Friday, September 4, 2009

On being different

This guy's a bit of a fish out of water: If you just see him as a statue, it feels a bit like he belongs on a busy street in Rome. And surely if he were real he would be near an ocean, perhaps even luring unwary sailors to their deaths.

And yet he's a charming addition to this Vermont landscape, which I found hidden at the end of a road after crossing a little bridge which seemed to be pretty much in the middle of nowhere.

I spent quite a bit of time yesterday talking with a dear friend who feels herself to be a fish out of water in her own family; I know my daughter has felt that way from time to time as well. And it seems to me that if we can step back from those situations -- however lonely it may feel to us when we're in them -- we can begin to see that we often provide, by virtue of our unbelonging, an important addition to the landscape.

I find myself thinking of a wedding I attended back in the 80's, held at a very swanky hotel in New York City. I lived in Vermont at the time, so I had no "city clothes" but I had acquired what I thought was a perfectly beautiful dark green satin ensemble; high neck, pleated skirt... and I felt very elegant until I arrived and saw that every other woman in the room was dressed in a wool gabardine coatdress in either black or red (except the bride, of course).

I shrank into myself, trying to remain least-in-sight, invisible (impossible, of course, given my green satin) and felt those horrible "you're such an idiot, you'll never get it right" voices chanting sneeringly in my ears. Fortunately it was a fairly brief wedding, and we adjourned to the reception fairly quickly to enjoy a lovely meal and a particularly memorable wedding cake (chocolate, many-layered, with marzipan between the layers and raspberry syrup dribbled over the top).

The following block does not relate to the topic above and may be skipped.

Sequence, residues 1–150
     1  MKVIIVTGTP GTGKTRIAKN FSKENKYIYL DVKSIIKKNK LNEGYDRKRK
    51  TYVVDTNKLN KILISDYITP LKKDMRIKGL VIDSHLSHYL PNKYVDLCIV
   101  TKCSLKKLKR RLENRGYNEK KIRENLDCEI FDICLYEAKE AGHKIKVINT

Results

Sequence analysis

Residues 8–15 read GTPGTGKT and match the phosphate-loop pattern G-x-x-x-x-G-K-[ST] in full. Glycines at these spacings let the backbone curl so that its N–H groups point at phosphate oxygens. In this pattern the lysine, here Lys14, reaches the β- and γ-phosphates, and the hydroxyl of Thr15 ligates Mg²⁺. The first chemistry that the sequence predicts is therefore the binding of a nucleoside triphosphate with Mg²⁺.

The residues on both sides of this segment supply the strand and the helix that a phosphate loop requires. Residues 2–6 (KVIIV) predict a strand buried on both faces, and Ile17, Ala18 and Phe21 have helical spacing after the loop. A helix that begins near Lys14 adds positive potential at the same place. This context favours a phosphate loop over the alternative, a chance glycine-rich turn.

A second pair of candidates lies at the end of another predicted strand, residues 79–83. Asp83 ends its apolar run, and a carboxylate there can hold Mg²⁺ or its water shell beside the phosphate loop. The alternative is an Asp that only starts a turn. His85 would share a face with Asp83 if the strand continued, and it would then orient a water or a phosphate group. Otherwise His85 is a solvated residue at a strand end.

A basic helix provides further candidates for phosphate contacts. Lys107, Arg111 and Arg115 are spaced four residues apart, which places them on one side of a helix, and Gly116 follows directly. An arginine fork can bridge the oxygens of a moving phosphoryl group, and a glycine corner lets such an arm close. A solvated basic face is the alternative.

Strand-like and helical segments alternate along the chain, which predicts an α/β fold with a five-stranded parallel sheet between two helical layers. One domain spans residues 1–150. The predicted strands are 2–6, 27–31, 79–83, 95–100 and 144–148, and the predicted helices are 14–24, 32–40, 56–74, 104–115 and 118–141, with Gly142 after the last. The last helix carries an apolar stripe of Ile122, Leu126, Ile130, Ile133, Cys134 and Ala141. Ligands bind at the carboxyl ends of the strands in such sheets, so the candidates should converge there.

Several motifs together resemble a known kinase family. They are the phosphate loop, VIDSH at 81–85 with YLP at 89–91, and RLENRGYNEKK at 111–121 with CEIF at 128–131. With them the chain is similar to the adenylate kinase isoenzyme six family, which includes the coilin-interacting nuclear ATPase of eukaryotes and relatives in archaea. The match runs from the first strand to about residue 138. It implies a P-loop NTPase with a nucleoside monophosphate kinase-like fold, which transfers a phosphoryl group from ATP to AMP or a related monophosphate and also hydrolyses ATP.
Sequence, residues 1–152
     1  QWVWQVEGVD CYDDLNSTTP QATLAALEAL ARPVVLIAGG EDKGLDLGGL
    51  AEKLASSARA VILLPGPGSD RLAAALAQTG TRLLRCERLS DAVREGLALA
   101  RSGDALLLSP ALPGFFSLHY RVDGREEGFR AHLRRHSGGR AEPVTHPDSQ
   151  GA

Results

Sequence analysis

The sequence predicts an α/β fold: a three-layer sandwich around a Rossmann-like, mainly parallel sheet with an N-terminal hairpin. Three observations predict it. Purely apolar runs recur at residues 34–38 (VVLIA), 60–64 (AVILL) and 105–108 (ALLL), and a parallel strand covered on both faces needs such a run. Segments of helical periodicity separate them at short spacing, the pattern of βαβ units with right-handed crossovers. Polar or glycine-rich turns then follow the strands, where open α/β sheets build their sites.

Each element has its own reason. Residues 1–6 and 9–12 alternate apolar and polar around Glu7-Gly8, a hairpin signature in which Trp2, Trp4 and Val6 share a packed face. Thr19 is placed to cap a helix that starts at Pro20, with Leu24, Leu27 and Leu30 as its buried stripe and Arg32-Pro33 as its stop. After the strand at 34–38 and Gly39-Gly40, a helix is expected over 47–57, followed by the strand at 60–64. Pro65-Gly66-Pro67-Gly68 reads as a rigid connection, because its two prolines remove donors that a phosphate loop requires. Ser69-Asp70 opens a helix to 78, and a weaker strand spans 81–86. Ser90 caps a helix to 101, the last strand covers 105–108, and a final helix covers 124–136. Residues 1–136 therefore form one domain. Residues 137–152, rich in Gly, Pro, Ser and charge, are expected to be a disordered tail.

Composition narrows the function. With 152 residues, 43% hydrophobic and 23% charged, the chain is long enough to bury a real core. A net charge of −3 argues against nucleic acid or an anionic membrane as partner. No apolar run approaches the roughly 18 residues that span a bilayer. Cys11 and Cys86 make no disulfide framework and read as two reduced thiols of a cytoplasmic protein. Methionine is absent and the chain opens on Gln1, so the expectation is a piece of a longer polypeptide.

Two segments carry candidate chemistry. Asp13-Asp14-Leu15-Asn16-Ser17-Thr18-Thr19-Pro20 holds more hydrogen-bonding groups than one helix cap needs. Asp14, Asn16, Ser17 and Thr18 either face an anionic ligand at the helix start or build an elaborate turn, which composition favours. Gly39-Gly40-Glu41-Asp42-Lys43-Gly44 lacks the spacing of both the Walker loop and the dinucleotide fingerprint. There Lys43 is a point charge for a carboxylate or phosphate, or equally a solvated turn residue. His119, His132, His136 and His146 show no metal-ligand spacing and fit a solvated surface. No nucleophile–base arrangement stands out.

I was seated at a table with some extraordinarily elegant and important people, all strangers considerably older than I was, and had resigned myself to being excluded from conversation when the man next to me offered me the bread tray to capture my attention and then said, "I have to tell you, that shade of green is just magnificent with your eyes -- and so refreshing in a room full of red and black."

He turned out to be a lovely person, as was his wife, and we spent a delightful meal conversing among the three of us about the newspaper and publishing industries, in which all three of us were active at the time. And it was, of course, both amazingly thoughtful of him to have made that observation, and incredibly reassuring to me to be reminded that it isn't necessarily bad to stand out in a crowd.

It's possible, of course, that he was just being kind. But it's also possible that if you can stand back a bit and get the big picture it may actually be true that that which makes you feel so painfully different and excluded may be a deliciously refreshing -- and much needed -- ingredient in an otherwise bleak or monotonous landscape.

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